BOULDER, Colo. — Space is big, but that doesn't mean it can't get overcrowded.
A launch by SpaceX Wednesday brought 60 new Starlink satellites to space. Those are the spacecraft clusters that are designed to cover the planet with broadband internet.
There is now a total of 482 Starlink satellites in orbit, and SpaceX hopes to launch at least 800 more.
Those will join the other 2000 satellites already cruising around in a part of space called lower earth orbit (LEO), which is about 150 to 2000 kilometres (roughly 93 to 1242 miles) above the earth, just above the atmosphere.
That zone is also the only part of space currently inhabited by humans, and has an estimated 20,000 bits of space junk; old dead satellites, pieces that break off of satellites, along with pieces of rockets that pass through or deliver satellites to LEO.
“The thing to keep in mind, is that in order to maintain orbit there, objects have to travel at very high rates of speed," said Akhil Roa, a former PhD student in environmental economics at CU Boulder. "At tens of thousands of miles per hour, even things like paint flecks can pose really big dangers.”
He says major collisions between spacecraft have not been common, but the theory among scientists is that as lower earth orbit gets more congested, a collision will likely result in exponential damage.
“You got some junk up there that hits some stuff, creates more junk, hits more stuff, creates more junk, and you’ve got this cycle where collisions beget collisions, said Roa. "This problem has the potential to get really nasty kind of quickly.”
He said that most satellites have a end of life plan to de-orbit and burn up in the atmosphere, but sometimes they malfunction before the end of their anticipated lifespan. That leaves them in wander, and in the way of other satellites.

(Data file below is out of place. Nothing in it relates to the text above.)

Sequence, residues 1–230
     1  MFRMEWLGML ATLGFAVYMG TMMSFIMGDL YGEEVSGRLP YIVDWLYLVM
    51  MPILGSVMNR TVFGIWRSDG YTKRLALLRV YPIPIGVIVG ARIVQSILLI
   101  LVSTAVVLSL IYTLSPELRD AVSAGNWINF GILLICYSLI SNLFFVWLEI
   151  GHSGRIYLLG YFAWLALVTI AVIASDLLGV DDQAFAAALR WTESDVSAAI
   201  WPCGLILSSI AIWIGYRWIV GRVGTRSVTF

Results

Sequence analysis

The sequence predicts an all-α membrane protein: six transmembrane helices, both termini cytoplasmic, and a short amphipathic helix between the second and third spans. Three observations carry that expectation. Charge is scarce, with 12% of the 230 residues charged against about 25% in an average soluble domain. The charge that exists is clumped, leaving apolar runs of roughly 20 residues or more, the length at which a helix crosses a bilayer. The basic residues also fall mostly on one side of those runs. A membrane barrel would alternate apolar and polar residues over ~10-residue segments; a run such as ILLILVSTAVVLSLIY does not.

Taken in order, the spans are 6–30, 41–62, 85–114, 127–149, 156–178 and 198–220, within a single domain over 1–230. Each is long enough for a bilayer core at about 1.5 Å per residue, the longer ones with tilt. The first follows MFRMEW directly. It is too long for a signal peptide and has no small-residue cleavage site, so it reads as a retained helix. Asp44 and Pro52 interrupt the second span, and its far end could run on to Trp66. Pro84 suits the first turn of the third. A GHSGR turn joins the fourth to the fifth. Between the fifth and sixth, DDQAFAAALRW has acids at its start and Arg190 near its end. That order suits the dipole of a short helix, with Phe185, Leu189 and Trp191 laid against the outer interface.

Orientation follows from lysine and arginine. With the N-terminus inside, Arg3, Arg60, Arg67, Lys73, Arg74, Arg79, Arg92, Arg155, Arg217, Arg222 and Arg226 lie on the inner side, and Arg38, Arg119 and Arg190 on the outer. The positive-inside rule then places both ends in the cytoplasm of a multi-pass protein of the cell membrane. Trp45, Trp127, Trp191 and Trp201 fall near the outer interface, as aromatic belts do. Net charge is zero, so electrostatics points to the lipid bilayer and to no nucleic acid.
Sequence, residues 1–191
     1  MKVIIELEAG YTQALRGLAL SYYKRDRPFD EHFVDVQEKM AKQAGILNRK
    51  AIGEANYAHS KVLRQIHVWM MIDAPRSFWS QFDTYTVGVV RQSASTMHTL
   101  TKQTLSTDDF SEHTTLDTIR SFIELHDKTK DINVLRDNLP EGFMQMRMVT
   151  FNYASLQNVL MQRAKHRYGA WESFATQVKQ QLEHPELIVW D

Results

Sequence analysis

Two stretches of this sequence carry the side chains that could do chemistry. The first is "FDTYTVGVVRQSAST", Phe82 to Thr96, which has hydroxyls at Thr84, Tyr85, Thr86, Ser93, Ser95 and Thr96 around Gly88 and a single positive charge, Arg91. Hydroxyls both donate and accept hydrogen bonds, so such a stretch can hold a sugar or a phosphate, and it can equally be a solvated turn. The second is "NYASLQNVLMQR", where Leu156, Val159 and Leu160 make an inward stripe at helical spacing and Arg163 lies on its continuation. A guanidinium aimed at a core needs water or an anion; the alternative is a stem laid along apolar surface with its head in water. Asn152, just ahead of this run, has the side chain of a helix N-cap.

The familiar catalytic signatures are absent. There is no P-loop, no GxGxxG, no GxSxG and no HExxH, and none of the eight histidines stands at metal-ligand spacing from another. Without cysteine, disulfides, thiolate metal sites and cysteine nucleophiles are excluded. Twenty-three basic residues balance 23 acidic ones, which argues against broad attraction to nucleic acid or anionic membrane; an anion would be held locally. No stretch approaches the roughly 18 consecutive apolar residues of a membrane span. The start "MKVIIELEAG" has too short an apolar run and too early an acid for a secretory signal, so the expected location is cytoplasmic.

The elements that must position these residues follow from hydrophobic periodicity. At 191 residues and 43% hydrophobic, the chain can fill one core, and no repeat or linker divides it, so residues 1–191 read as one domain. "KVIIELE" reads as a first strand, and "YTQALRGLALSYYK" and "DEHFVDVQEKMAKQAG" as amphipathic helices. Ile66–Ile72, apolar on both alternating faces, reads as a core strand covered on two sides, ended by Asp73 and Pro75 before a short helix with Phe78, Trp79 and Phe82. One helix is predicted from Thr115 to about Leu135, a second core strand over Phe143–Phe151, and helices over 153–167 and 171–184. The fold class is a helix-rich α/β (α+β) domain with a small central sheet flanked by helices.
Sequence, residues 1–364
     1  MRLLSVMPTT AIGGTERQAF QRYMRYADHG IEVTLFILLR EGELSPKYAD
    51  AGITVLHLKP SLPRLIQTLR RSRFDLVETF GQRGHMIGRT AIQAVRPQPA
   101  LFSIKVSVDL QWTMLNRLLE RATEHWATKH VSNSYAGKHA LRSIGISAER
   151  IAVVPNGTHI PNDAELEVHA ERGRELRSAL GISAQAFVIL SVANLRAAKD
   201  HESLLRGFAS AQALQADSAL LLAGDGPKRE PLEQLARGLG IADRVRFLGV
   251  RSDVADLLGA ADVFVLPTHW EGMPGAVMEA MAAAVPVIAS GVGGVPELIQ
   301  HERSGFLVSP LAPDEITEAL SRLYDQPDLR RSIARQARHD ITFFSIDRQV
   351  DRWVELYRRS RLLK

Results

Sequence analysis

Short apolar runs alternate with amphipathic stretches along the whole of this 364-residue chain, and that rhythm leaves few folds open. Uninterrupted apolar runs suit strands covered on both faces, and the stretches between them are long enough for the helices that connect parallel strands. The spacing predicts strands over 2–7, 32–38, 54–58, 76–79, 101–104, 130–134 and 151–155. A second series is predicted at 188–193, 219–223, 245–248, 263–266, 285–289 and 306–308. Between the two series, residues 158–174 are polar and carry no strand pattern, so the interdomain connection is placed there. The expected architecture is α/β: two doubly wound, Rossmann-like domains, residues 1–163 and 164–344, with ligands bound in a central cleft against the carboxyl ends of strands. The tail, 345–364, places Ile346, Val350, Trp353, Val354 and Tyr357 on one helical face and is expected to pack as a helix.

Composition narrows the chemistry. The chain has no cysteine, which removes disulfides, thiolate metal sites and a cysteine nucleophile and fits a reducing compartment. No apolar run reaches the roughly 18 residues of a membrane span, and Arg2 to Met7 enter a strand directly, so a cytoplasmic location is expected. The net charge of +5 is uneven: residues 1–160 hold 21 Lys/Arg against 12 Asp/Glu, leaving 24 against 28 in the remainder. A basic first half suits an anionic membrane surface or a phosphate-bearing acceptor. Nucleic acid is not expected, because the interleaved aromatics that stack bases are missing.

Roa said that one evolving method for cleaning up lower earth orbit is garbage collection. Physically removing space junk with nets, harpoons and even lasers, but he thinks that will no be enough.
“The reason why we think they’re not enough is because the fundamental problem here is about incentives, its about the incentive to launch in the first place, to keep the satellite up there in the first place,” he said.
Rao, who is now an assistant professor at Middlebury College, just had a research paper published this week. It was co-authored by his professor at CU Boulder, Daniel Caffine, and assistant professor Matthew Burgess.
Their idea is to implement a kind of tax called an orbital use fee on every satellite. He says that will help ensure that satellite operators factor in the potential cost if something goes wrong and their satellite.
Rao said in most cases now, satellite operators only have to consider the cost of building, launching and maintaining satellites, and not what happens to them if there is an issue.
He said the fee would be equal for all users internationally, and will raise annually as the orbital space becomes safer and safer. Their paper projected that this plan will quadruple the overall value of the satellite industry by 2040.
“So now when you launch a satellite, you’re only going to launch it if it’s valuable enough to not only cover your cost, but the cost that you are imposing to others,” said Rao.
There is success of a similar plan in the fisheries of international waters.
Rao compared their orbital use fee idea to the The Vessel Day Scheme that the nations to the Nauru Agreement use to manage a shared tuna fishery in the Pacific Ocean.
"The amount that the vessels pay is harmonized. The island nations keep the revenues for themselves, and they spend it domestically. It's politically popular. We think an approach like that could work here," he said.
Rao said that instead of greed, waste, and competition, all involved from the countries to the companies, are all focused on maintaining the sustainability and the health of the fishery.
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